O2's Xda Atom Exec is an incremental upgrade to the original Atom, a move the company hopes will help stave off increasing competition from the likes of HP with its iPAQ rw6828 or the upcoming multimedia BlackBerry devices.
On its own, the Exec is a highly impressive, push e-mail enabled smart phone, but if you already own the first Atom, its upgrade worthiness is questionable.
Following the highly successful design of the original Atom, the Exec offers the same dimensions -- 102 x 58 x 18.5mm -- and a more than manageable weight of 140g. It's not a burden to carry around in a jeans pocket, and you won't be self-conscious since the curvaceous, black chassis is quite attractive.
The most significant design difference between the vanilla Atom and the Exec is the fact that the latter uses a matte as opposed to a glossy finish. This is a smart move by O2, as the previous Atom was chastised by users for being prone to fingerprinting and other blemishes.
Menu navigation is handled using either the stylus (or, if you're lazy, a finger) or the hardware buttons that lie just below the 2.7-inch 240x320 touch screen. These buttons include a five-way directional thumb pad, accept/reject calling buttons, a shortcut button for the start menu and a button for quick-launching your SMS/e-mail/MMS inbox.
Other handy shortcut buttons include volume adjustments on the left side of the device, a power button up top and shortcuts to the notes and camera applications on the right.
In addition to the power button, the top of the Exec houses a MiniSD memory card slot, while on the opposite end of the device you'll find a USB connector and a 2.5mm headphone jack.
The Exec runs on the familiar Windows Mobile 5.0 operating system, upgraded with the Messaging and Security Feature Pack. Among various security improvements, this provides push e-mail capabilities which, provided you've enabled a data service through your carrier, sends new e-mail messages directly to the device without forcing you to continuously login. This is identical to the service provided by the HP iPAQ rw6828 and similar to the BlackBerry's push e-mail system.
It's worth noting that owners of the original Atom are able to download the Messaging and Security Feature Pack and install it onto the device themselves, which removes one of the main benefits of said users upgrading to the Exec version.
Internally, there are a number of improvements upon the original Atom. The Exec uses a 520MHz Intel processor and 192MB of ROM, which trounces the 416MHz chip and 128MB ROM of its predecessor. The faster processor improves application performance and load time, while the increased ROM provides more space for storing data.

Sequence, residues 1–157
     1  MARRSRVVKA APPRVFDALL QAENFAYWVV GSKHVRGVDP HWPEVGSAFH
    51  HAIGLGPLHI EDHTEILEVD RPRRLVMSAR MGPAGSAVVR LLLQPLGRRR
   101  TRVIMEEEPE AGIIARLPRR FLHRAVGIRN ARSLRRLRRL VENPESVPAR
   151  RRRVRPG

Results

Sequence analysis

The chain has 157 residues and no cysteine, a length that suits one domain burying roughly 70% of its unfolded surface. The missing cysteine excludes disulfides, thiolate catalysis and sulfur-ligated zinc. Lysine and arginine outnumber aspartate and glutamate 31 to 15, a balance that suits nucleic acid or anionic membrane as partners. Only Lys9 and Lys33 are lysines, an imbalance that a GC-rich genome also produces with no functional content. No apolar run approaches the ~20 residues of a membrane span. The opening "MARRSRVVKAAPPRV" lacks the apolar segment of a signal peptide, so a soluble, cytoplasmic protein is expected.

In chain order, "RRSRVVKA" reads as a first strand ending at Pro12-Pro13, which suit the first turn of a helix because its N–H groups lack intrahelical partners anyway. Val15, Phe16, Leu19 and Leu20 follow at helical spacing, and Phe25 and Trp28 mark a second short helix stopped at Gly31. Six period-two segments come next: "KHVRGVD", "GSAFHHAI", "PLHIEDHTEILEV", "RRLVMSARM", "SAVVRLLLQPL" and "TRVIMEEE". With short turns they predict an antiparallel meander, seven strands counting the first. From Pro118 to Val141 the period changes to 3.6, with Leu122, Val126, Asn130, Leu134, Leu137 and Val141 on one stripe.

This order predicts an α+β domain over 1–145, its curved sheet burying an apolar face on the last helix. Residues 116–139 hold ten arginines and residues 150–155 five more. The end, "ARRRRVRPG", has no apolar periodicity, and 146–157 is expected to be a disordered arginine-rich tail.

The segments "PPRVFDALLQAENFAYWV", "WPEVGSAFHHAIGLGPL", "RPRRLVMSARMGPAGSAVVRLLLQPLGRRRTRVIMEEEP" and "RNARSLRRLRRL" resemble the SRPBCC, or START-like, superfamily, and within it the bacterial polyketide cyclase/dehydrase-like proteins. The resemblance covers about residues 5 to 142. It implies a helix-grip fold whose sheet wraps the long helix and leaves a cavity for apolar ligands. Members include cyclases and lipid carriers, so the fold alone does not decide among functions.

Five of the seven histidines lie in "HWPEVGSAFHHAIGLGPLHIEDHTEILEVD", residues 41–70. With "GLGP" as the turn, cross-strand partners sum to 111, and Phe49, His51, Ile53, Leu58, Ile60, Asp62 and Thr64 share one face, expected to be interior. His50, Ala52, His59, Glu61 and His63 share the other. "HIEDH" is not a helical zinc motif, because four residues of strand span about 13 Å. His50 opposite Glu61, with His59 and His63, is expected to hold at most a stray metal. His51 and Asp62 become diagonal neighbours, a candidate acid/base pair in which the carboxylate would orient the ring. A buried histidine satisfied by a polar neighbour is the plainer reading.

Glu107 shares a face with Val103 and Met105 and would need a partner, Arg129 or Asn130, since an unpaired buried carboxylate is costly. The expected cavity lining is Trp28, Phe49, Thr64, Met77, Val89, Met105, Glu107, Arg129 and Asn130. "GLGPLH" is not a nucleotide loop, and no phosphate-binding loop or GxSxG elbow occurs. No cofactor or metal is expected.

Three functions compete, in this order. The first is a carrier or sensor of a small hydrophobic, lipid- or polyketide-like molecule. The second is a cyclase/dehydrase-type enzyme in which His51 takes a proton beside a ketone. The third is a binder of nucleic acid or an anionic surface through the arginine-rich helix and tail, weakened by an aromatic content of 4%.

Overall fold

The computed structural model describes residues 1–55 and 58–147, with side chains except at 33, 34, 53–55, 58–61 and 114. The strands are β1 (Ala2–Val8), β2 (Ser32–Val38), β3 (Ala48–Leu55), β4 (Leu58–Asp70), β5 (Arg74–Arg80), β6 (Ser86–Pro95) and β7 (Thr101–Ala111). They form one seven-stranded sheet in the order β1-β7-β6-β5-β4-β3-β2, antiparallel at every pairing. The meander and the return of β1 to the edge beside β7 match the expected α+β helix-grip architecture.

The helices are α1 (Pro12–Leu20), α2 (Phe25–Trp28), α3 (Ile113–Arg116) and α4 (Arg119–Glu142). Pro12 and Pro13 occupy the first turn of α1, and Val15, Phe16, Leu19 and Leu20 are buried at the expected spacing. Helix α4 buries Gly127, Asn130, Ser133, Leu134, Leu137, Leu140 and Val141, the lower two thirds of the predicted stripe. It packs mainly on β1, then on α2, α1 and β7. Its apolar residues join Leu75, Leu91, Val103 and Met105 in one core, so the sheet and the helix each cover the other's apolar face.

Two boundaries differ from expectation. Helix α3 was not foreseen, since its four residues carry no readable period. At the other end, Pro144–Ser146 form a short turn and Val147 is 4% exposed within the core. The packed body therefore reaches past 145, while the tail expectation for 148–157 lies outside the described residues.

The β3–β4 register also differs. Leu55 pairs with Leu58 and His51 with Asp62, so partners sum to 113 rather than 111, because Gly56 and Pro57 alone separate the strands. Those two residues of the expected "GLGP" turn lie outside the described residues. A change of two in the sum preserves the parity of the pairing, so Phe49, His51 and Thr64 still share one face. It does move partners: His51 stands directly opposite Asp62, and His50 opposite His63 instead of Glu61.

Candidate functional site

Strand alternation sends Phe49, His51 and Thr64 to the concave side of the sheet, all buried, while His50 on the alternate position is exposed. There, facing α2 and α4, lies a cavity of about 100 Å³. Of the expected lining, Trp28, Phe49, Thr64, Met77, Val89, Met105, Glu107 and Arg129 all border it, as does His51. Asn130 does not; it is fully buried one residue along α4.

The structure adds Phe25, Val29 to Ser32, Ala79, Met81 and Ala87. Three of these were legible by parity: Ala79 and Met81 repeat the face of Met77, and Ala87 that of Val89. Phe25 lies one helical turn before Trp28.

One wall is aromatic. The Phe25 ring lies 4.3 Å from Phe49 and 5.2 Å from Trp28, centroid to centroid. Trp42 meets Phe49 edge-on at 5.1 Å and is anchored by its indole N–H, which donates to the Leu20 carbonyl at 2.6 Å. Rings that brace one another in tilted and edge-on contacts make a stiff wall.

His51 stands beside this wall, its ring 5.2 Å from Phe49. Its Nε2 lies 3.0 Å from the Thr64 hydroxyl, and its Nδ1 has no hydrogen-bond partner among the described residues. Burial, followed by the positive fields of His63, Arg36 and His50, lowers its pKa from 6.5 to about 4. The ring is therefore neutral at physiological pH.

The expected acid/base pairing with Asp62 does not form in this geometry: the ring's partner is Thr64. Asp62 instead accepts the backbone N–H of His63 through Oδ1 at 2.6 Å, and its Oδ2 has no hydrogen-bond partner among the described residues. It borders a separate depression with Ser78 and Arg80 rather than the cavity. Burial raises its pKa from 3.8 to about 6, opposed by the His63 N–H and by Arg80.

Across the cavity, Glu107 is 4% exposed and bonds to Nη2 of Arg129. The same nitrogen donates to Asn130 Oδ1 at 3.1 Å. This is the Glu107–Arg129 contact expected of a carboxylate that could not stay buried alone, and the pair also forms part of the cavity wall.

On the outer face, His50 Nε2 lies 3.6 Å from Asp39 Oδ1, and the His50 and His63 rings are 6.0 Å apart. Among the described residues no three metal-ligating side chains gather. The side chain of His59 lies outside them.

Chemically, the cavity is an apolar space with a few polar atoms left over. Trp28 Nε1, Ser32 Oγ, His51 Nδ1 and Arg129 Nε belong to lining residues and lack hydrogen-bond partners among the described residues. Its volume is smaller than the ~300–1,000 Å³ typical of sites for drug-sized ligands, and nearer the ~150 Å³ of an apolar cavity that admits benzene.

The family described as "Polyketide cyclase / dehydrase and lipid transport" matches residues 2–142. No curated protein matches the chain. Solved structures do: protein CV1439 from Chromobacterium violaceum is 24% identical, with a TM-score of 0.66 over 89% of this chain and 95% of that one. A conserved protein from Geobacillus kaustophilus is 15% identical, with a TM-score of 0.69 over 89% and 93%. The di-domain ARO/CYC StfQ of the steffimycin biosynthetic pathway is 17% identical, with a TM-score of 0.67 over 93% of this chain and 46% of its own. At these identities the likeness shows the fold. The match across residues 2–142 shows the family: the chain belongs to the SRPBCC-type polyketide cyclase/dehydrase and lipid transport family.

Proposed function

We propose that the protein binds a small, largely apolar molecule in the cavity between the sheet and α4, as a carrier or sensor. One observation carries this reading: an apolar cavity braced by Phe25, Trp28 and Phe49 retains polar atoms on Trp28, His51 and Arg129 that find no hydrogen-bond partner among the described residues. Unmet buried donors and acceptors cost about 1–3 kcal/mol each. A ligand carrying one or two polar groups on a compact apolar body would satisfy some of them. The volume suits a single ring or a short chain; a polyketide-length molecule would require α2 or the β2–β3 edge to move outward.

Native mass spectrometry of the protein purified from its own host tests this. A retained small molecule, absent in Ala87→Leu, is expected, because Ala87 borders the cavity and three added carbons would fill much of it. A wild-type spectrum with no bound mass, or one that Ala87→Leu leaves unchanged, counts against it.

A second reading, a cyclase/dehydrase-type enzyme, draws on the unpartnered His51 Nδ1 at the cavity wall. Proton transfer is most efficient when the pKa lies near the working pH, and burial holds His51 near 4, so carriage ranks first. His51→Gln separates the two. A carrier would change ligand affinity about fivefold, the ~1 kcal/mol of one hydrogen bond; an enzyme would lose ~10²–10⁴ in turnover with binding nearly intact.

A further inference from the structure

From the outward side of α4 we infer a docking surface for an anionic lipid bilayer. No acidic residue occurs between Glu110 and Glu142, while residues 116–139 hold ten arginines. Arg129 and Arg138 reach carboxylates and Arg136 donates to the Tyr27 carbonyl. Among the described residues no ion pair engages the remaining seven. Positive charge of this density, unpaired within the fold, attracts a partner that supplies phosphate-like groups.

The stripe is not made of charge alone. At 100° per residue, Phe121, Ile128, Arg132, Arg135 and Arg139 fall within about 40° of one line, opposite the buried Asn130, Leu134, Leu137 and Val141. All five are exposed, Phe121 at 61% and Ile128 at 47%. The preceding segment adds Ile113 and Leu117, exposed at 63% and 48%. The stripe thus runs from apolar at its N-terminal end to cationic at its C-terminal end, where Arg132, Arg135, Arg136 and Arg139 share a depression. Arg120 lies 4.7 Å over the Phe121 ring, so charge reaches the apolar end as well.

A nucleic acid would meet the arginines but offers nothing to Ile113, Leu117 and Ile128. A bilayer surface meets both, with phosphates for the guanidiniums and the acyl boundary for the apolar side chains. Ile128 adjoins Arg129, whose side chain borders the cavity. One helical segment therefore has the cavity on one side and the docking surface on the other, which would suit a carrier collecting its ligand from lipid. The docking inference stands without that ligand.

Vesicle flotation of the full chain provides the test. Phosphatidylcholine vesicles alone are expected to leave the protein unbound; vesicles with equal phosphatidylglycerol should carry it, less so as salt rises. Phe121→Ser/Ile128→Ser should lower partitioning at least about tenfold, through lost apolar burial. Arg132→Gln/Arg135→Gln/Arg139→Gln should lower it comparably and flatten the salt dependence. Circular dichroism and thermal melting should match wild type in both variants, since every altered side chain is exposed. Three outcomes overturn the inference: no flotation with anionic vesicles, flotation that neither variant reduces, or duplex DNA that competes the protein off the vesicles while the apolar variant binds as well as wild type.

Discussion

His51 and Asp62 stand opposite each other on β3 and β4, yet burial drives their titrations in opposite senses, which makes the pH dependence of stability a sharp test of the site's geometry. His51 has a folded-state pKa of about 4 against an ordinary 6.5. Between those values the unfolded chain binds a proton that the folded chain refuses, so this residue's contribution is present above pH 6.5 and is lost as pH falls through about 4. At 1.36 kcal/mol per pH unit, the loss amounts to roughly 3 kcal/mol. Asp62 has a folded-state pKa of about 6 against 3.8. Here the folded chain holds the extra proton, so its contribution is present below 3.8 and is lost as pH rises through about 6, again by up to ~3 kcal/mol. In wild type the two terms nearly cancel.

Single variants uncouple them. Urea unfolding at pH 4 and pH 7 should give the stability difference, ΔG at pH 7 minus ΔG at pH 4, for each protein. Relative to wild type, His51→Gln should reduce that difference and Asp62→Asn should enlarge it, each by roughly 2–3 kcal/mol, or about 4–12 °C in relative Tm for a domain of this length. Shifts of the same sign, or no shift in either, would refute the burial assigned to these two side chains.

Connectivity options abound, and include 802.11b Wi-Fi, Bluetooth 1.2, Infrared and tri-band (900/1800/1900MHz) GSM/GPRS/EDGE. These features can easily be switched off to conserve battery life and/or to ensure that the device remains usable during air travel.
Multimedia features are also plentiful, and include an FM radio, a 2-megapixel camera (with self-portrait mirror and flash) and music/picture/video playback through the pre-installed O2 MediaPlus application. It's great having a single interface to categorise and access all multimedia files.
In addition to O2 Media Plus, the device also bundles free copies of CodeWallet Pro 5, Jeyo SMS Backup and WorldMate 2005.
Of course, all of the personal productivity applications built into Windows Mobile 5.0 are present, including Microsoft Word, Excel, PowerPoint, Internet Explorer and Outlook 2002. Using ActiveSync, these applications can be synchronised with a PC to enable you to keep working whilst on the road.
One of our biggest concerns surrounding the Exec was that the faster processor would have a detrimental effect on battery life. However, O2 rates the Exec as having the same battery life as the original Atom: up to 5.5 hours of talk time and 150 hours standby time.
In our Spb Benchmark battery test, which runs the device through constant general usage tasks with the backlight always enabled, the Exec lasted for six hours and twenty minutes. This is a pleasing score; the HP iPAQ rw6828 scored seven hours and three minutes, but this is expected due to its slower 416MHz processor. Under regular, intermittent usage, we went almost four days without needing to reach for the charger.
Application performance is extremely satisfying. We found that programs loaded virtually instantly, even when multiple applications were running at the same time. We were also very impressed with the device's multimedia playback capabilities; video played smoothly and audio files were crisp and clear. However, as with the rw6828, we found that shots taken with the integrated camera were grainy, particularly in low-light conditions.
Finally, the push e-mail feature is intuitive and easy to setup, but we found the BlackBerry's thumb wheel to be a more effective message navigation tool than the Exec's touch screen and stylus combination. Also, since there's no built-in keyboard, bashing out lengthy e-mails takes significantly more time, but we were nonetheless pleased with the unit's handwriting recognition performance.
While it's not a huge improvement over the original Atom, on its own the Atom Exec is an extremely attractive smartphone, more impressive than even our Editors' Choice winning HP iPAQ rw6828 due to its faster processor and O2 MediaPlus application.
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